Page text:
University of Newcastle 2015
My name is Tasha Patel and I am a 5th-year medical student from the University of Newcastle, Australia. I chose to travel to Kandy, Sri Lanka, with Work the World for my one-month elective in June/July 2015.
I had always planned to complete my elective overseas, but wasn’t sure how to organise it. I knew a few friends who had been to various locations around the world with Work the World (WTW), and they had all loved their placements, so after looking up the website and speaking with the lovely Australian staff on the phone, I decided to plan my elective with them.
As I was studying for exams back home, I hadn’t had much time to focus on planning much of my trip. Work the World was super helpful in this respect, as they were always happy to quickly respond to my silly questions via phone or email, as well as providing loads of information on things like what to pack, how to sort out money and visas, and reassuring me that I will always be supported despite my disorganisation!
This support continued when we arrived in Sri Lanka. Right from when we arrived at the airport, Yashika was there to meet us and we were taken care of the whole time. Nandika and Mewan at our houses in Kandy were always happy to help with any questions and were especially keen to help plan fun trips on the weekends.
We spent our weekends travelling and exploring Sri Lanka with the help of the local WTW staff who were always happy to advise us on the best ways to travel. We sipped tea amongst never-ending plantations, enjoyed amazing views from Little Adam’s Peak in Ella, snorkelled and basked in the Trincomalee sunshine and explored Sri Lanka’s history at the cultural triangle.
Aside from our weekend travels, the hospital too was an incredible experience in itself. The hospital is one of the largest in Sri Lanka and it is packed full of people needing care, with patients sharing beds in some wards, and some even lining the hospital corridors. I spent three weeks in general medicine during my time at the hospital. The doctors all spoke English and were happy to help us students participate in the ward rounds. We saw some interesting and different cases, particularly infectious diseases such as dengue fever, tuberculosis and leptospirosis. We also saw chronic diseases like diabetes and liver disease that without intervention had progressed further than they ever would in Australia.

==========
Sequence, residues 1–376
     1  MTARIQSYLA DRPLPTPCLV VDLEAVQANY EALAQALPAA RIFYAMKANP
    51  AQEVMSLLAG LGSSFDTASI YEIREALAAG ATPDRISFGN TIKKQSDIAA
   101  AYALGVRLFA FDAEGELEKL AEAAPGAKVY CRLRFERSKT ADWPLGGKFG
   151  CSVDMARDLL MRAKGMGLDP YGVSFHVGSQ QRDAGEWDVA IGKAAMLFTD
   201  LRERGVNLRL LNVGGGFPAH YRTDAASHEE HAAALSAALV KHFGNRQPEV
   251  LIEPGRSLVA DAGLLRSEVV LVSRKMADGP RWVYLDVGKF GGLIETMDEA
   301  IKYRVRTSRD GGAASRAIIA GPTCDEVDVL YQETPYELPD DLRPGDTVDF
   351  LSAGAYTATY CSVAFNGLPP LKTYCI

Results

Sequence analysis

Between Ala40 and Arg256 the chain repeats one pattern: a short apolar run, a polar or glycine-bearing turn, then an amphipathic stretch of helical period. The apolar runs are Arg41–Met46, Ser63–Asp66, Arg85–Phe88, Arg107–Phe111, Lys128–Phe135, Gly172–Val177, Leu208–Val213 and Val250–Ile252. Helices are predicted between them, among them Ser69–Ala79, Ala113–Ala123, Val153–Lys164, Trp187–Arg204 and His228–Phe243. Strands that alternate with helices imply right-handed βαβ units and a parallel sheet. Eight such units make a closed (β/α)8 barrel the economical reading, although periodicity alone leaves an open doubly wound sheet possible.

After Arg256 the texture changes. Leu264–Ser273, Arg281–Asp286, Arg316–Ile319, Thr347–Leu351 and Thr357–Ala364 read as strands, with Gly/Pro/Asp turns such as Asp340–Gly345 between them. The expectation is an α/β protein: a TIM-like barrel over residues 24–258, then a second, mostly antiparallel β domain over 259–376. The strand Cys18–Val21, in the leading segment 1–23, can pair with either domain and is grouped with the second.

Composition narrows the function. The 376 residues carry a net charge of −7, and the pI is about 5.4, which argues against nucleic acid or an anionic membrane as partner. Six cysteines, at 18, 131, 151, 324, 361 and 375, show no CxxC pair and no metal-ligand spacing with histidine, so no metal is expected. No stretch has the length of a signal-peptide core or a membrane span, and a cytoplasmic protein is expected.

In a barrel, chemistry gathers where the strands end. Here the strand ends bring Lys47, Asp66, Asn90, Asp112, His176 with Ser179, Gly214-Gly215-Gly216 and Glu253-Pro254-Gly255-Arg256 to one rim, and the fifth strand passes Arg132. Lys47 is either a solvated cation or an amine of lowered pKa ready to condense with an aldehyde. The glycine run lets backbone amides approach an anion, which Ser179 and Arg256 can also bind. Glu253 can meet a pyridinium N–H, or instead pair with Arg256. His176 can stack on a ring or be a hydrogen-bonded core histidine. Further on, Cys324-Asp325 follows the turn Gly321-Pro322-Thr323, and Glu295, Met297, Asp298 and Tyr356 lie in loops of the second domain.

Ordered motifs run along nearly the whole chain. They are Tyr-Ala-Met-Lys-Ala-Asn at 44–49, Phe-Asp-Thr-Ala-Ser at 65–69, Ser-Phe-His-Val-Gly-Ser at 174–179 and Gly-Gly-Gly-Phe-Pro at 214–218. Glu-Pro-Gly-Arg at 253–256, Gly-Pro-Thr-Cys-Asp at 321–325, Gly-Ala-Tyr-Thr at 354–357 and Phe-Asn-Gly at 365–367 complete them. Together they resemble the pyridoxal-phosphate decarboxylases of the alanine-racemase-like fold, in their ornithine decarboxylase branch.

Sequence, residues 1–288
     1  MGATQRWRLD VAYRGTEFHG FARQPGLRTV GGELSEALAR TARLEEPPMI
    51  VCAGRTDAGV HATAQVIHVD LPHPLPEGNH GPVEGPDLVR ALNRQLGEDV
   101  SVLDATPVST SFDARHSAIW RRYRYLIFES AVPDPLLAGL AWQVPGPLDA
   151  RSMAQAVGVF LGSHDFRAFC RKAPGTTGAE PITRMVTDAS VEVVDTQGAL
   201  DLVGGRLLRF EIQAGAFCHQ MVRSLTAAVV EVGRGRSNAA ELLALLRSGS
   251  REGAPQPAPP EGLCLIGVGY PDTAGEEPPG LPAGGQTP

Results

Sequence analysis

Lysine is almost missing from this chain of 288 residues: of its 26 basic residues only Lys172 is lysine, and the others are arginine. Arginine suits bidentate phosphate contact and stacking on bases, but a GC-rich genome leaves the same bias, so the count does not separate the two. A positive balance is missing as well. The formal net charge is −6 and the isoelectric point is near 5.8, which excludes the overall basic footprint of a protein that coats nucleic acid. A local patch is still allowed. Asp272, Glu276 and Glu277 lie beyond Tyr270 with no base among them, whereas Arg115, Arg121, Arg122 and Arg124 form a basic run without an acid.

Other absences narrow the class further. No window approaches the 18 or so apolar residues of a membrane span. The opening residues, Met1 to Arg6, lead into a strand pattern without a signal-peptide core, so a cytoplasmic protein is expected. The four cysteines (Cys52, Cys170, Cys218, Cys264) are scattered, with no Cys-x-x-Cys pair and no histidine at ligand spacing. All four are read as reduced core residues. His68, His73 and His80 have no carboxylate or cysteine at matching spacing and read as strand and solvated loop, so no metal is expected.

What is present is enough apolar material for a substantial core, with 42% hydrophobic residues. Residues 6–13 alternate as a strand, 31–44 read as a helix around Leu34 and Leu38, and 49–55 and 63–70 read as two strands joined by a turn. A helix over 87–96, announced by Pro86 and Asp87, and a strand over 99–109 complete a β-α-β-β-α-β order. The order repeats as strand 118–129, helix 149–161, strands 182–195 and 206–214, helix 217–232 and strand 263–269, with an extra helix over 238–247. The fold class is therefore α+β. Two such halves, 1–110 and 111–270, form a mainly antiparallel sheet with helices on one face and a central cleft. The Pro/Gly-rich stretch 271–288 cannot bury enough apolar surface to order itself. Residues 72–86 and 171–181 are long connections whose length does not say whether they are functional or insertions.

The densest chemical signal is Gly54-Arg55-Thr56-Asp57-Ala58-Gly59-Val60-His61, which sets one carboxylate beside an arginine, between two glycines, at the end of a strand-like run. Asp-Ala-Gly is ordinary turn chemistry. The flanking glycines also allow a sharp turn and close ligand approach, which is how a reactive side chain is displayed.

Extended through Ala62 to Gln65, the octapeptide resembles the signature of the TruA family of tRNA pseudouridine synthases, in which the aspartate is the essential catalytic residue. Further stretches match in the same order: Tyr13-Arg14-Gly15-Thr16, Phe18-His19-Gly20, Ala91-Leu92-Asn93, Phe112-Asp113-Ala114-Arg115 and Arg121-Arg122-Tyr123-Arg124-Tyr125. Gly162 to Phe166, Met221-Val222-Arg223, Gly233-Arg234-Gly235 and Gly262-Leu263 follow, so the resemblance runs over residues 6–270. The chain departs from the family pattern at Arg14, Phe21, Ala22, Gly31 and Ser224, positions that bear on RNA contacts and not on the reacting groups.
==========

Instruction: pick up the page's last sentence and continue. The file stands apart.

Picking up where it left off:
I came away from my hospital placement with a newfound appreciation for the Australian hospital system. In Sri Lanka, the hospitals are so busy that the staff work exceptionally hard to try and care for huge numbers of patients. I particularly came to appreciate that compassion and patient care can transcend language barriers. Patients do not need words in order to be comforted; body language can be enough. Don’t be afraid to be proactive and involved; everyone is human regardless of cultural and language differences!
I spent one week on the WTW Village Healthcare Experience in the small town of Habarana. I cannot recommend this week highly enough; it was the highlight of my trip in Sri Lanka. Sam and his family welcomed us into their home for the week and we were fed like kings! It was wonderful to spend a week inside a loving family home of multiple generations, from grandparents to grandchildren. The kids had a wonderful spirit and I attempted to improve my cricket skills by playing with them in the afternoons!
The Ayurvedic doctor at Horiwila has a loyal following of patients who come from all over Sri Lanka (and some from all over the world, including patients from the UK, Australia and Switzerland!). He opened up his medical practice for us to explore. This was a totally new experience for me, and it was really interesting to compare how the Ayurvedic doctor often used similar principles to Western medicine but applied them in alternative ways. We got to see the herbal garden where the doctor grew his medicinal plants. We also had the chance to participate in making the medicines and had a look around the doctor’s pharmacy where he bottles and sells medicine to his patients.
Other activities in Habarana included an Ayurvedic massage, an ox-cart ride through the town, and (my favourite), going down to the local river and giving an elephant her daily bath!
Overall, my trip with Work the World has been a once-in-a-lifetime experience. I’ve made great new friends, seen a beautiful country and gained new skills to take back home for my medical practice in Australia.